Virtual sales pitches and consultations. Touchless in-store device demos. Deals galore. Those are just some of the plans in Samsung's playbook for selling phones during a pandemic.
On Wednesday, the South Korean electronics giant unveiled the Galaxy Z Fold 2 alongside the $999 Note 20, the $1,299 Note 20 Ultra, the $649 Galaxy Tab S7 tablet, the $399 Galaxy Watch 3 and the $170 Galaxy Buds Live earbuds. Samsung will begin taking preorders for the new Notes on Aug. 6 at 12:01 a.m. ET (that's Aug. 5 at 9:01 p.m. PT). Orders will ship to arrive on or around Friday, Aug. 21.
Samsung hasn't yet detailed pricing or availability for the Fold 2 but said it will share more information on Sept. 1. The first generation of the device cost $1,980 and came with 4G in the US. The new model packs in 5G connectivity across the three major US carriers, a glass screen and a redesigned hinge, all of which could make it even more expensive.
Samsung, which recently lost its crown as the world's biggest phone maker to Huawei, is launching its new devices in a tough environment. Instead of facing a strong market for phones, with 5G and foldable screens getting people to upgrade their devices, most handset makers are seeing lower demand amid the raging coronavirus pandemic. Millions of people are out of work, hundreds of thousands have died and regions around the globe continue to battle a seemingly unending surge in infections. Consumers are opting for less expensive devices, saving their money altogether or spending their cash on PCs and other work-from-home and entertainment supplies.
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Samsung's task with its new lineup is finding buyers willing to fork over a grand or two during a pandemic and recession. The new products were designed before the novel coronavirus spread around the globe, which meant Samsung couldn't tweak the Note 20 or its other new devices to address the pandemic.
What it could do, though, was change how it goes about selling the Note 20 and the Note 20 Ultra, Drew Blackard, vice president of product management for Samsung Electronics America, said in an interview ahead of Wednesday's event.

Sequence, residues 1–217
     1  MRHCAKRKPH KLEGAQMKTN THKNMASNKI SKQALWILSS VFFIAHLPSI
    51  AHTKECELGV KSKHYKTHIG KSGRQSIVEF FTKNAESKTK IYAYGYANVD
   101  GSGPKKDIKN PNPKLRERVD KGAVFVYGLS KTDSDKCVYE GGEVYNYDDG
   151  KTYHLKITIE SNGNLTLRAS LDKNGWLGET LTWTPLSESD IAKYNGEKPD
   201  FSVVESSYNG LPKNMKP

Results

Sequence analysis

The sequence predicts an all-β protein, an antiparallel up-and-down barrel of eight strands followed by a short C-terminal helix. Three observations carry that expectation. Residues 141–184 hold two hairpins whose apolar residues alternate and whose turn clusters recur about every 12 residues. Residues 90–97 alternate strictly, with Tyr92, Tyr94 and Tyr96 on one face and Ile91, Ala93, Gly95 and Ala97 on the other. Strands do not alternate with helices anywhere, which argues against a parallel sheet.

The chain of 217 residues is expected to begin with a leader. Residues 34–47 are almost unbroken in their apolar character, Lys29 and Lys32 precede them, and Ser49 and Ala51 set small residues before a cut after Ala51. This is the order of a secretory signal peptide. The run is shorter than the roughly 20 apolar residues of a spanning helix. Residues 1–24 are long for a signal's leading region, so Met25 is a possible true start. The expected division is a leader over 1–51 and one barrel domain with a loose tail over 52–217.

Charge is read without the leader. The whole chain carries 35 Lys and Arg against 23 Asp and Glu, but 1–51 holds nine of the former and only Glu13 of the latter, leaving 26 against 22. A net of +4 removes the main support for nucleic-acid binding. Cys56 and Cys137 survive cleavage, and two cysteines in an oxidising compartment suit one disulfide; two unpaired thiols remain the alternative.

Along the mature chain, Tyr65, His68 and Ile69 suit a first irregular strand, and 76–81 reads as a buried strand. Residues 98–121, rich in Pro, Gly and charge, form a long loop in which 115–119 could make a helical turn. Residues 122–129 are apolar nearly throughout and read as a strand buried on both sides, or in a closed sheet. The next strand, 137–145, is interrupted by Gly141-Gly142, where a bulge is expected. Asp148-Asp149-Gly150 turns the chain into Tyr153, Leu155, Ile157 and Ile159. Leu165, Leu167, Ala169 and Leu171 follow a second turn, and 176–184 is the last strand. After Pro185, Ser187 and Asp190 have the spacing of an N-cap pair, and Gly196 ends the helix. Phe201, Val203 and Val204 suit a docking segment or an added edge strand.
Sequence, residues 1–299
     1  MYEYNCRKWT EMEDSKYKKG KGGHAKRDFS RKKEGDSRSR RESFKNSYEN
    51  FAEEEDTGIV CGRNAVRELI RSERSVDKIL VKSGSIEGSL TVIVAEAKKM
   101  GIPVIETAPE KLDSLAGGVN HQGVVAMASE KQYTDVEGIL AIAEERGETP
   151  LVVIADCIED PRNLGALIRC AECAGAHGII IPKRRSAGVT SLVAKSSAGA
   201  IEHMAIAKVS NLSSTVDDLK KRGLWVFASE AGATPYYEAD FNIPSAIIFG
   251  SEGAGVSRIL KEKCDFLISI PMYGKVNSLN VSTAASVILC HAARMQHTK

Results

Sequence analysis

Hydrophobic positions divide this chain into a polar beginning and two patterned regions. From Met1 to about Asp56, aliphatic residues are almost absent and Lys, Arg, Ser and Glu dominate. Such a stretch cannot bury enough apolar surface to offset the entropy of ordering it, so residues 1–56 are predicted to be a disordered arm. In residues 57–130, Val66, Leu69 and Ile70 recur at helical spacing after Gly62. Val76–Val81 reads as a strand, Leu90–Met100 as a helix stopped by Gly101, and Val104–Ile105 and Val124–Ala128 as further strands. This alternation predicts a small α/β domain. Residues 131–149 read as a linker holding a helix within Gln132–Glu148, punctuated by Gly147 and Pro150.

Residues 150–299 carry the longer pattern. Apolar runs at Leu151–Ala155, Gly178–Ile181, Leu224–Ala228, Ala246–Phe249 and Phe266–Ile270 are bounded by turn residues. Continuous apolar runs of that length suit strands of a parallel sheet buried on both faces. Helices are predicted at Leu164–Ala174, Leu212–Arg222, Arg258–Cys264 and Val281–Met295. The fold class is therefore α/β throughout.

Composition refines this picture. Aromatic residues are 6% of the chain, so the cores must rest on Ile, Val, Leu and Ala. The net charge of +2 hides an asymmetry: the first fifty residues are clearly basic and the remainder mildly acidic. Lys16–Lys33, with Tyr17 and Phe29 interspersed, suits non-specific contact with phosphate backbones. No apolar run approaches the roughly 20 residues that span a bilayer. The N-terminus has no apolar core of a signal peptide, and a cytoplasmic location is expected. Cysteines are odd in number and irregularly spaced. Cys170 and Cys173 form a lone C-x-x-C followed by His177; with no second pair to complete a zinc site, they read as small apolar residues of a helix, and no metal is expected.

"It was a bit more of how you react to the current situation as opposed to kind of retool everything that you're doing," Blackard said. "Despite the fact that we couldn't change the device, we very much rethought how we go to market."
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That includes those virtual consultations that'll make the online buying interaction more like the in-store experience. Touchless digital demos will give in-store shoppers a glimpse into the Note's features, right from their own devices. And Samsung is exploring ways to tailor its future products and services to the needs of people who are largely stuck at home, like making it easier to track fitness and stay healthy while quarantining.
Lower phone sales
Samsung's phone sales have taken a hit during the pandemic. Its Galaxy S20 lineup became available about a week before parts of the US issued stay-at-home orders. Because consumers were worried about money — and couldn't see the new devices in person — demand fell. Last week, Samsung said its mobile business revenue tumbled 18% from the previous year.
In the second quarter, Apple was the only smartphone vendor that saw its shipments grow, according to Canalys. Apple's iPhone SE, its first major revamp of its popular small phone in four years, arrived in mid-April with a starting price of $399. That seemed to be the perfect phone for the times and helped buoy Apple's results. The device costs $300 less than the iPhone 11 but contains many of the same specs, appealing to people who can't afford a $700 phone, let alone a $1,000 iPhone 11 Pro.
Samsung, despite launching its new Galaxy S20 lineup in March and its less expensive Galaxy A phones, saw the biggest year-over-year drop of the world's top five phone makers in the second quarter, Canalys said. Its 30% decline allowed Huawei to leapfrog Samsung to become the world's biggest smartphone vendor for the first time, the firm noted. It was the first time in nine years that a company other than Samsung or Apple shipped the most phones.
Samsung, in a statement, said it'll continue to "focus on creating innovative mobile experiences that improve our users' lives." Part of that includes its new devices from Unpacked, and it noted during its earnings in late July that it also will strengthen its "mass-market lineup" of less expensive phones.
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At least in the US, Samsung "found that, actually, demand for premium devices is still quite high," Blackard said. Still, Samsung sold about 44% fewer Galaxy S20 models in the US in the first four months of sales than the Galaxy S10 last year, according to M Science, a data analytics provider that tracks stats like mobile adoption.
Google, meanwhile, unveiled its new smartphone, the Pixel 4A, on Monday. Instead of introducing a high-end, flagship phone, Google opted to slightly pare back the Pixel's specs to price it at $349. The phone doesn't have 5G or a premium processor, but "for its price, the Pixel 4A has one of the best cameras you can get on a phone," CNET's Lynn La said in her review of the device.
The new Note 20 lineup is nowhere near that price level, with phones starting at $1,000. For some people at this time, that pricing could be hard to stomach. Working in Samsung's favor is the rabid Note fanbase.
"What we've shown here in the past five months is we probably have the broadest portfolio of any company in the industry," Blackard said. "We are down to $99 on the A01, up to Galaxy Fold, which is [about] $2,000. … Our portfolio is very well suited to the current situation."